'The Sortino ratio measures the risk-adjusted return of an investment asset, portfolio, or strategy. It is a modification of the Sharpe ratio but penalizes only those returns falling below a user-specified target or required rate of return, while the Sharpe ratio penalizes both upside and downside volatility equally. Though both ratios measure an investment's risk-adjusted return, they do so in significantly different ways that will frequently lead to differing conclusions as to the true nature of the investment's return-generating efficiency. The Sortino ratio is used as a way to compare the risk-adjusted performance of programs with differing risk and return profiles. In general, risk-adjusted returns seek to normalize the risk across programs and then see which has the higher return unit per risk.'

Using this definition on our asset we see for example:
  • The downside risk / excess return profile over 5 years of Microchip Technology is 0.39, which is lower, thus worse compared to the benchmark SPY (0.5) in the same period.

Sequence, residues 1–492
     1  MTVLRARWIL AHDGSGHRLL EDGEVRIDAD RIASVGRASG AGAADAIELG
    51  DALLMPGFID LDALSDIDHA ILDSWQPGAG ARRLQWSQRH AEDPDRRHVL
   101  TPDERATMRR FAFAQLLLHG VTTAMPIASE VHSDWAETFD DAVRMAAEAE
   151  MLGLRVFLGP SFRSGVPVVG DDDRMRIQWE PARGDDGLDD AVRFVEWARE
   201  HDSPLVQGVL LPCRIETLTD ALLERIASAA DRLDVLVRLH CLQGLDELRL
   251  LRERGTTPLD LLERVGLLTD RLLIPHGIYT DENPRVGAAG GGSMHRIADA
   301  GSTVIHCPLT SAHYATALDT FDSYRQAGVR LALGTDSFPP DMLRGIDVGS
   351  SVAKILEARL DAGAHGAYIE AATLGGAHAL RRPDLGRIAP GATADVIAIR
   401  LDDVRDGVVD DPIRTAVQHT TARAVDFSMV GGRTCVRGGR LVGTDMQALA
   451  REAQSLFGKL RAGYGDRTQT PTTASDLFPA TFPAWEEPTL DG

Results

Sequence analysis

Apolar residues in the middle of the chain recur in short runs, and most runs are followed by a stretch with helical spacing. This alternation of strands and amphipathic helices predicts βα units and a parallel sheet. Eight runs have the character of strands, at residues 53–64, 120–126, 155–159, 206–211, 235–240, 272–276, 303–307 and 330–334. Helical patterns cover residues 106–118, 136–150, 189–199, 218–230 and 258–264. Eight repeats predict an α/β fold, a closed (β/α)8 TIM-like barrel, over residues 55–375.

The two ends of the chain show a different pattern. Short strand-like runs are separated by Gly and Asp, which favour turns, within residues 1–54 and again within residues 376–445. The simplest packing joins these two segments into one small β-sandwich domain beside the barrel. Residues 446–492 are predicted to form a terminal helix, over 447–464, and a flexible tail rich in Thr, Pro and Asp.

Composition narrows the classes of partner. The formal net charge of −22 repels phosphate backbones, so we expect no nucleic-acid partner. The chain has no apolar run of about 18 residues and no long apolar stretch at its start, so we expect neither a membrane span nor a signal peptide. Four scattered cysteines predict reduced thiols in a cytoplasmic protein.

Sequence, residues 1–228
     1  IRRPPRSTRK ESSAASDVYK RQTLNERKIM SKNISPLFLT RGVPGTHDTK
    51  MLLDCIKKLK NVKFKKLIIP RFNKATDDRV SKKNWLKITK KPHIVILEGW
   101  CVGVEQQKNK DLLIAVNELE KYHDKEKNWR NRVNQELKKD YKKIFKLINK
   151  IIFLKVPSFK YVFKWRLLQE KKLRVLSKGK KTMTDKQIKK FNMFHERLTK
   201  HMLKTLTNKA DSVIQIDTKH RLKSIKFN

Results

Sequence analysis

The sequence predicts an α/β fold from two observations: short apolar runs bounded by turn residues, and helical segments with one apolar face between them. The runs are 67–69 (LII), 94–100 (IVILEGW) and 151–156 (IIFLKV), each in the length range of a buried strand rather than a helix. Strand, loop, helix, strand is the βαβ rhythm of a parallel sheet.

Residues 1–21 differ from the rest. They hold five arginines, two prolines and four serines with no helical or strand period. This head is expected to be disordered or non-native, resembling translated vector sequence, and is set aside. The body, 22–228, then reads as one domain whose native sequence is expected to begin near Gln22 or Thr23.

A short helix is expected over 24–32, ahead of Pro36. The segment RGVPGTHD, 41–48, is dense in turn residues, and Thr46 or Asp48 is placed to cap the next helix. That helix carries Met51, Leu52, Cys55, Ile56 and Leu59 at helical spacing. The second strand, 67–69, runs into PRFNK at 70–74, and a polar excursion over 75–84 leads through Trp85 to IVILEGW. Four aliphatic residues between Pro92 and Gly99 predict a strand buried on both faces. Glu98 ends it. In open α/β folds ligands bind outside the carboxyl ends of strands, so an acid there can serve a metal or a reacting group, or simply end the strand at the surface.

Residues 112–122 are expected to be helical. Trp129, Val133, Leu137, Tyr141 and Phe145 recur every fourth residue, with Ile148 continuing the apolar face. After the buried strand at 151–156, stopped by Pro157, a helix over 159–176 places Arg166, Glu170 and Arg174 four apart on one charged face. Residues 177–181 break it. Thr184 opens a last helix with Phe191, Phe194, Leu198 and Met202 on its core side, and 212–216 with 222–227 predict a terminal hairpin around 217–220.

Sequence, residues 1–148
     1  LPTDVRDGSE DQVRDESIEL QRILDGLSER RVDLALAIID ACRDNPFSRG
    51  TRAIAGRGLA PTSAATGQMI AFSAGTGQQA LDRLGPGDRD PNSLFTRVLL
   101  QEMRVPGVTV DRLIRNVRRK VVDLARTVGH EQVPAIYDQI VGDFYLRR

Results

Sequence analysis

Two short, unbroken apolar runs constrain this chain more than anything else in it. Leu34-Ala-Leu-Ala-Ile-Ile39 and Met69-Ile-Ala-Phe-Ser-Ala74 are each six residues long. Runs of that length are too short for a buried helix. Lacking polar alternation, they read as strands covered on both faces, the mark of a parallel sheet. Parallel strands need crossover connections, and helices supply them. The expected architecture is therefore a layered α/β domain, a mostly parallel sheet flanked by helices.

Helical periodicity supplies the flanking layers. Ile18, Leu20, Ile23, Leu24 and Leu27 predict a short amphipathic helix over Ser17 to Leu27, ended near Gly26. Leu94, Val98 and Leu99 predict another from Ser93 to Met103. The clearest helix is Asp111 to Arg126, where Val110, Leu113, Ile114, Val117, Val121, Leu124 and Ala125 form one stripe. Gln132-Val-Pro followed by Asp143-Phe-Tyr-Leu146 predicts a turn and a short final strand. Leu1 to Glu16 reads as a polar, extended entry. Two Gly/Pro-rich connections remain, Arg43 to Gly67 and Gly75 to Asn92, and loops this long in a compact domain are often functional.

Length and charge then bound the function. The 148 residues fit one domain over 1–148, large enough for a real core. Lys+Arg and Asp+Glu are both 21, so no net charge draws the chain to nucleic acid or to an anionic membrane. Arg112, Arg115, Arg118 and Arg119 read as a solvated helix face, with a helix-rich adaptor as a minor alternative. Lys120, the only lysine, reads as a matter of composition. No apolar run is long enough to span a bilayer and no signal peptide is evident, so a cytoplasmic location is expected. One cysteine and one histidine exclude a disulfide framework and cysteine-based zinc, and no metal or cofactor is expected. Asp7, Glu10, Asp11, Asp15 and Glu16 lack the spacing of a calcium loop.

• Compared with SPY (0.42) in the period of the last 3 years, the downside risk / excess return profile of 0.58 is larger, thus better.

Ulcer:

'The ulcer index is a stock market risk measure or technical analysis indicator devised by Peter Martin in 1987, and published by him and Byron McCann in their 1989 book The Investors Guide to Fidelity Funds. It's designed as a measure of volatility, but only volatility in the downward direction, i.e. the amount of drawdown or retracement occurring over a period. Other volatility measures like standard deviation treat up and down movement equally, but a trader doesn't mind upward movement, it's the downside that causes stress and stomach ulcers that the index's name suggests.'

Which means for our asset as example:
  • The Downside risk index over 5 years of Microchip Technology is 17 , which is greater, thus worse compared to the benchmark SPY (8.88 ) in the same period.
  • Looking at Ulcer Ratio in of 17 in the period of the last 3 years, we see it is relatively larger, thus worse in comparison to SPY (11 ).

MaxDD: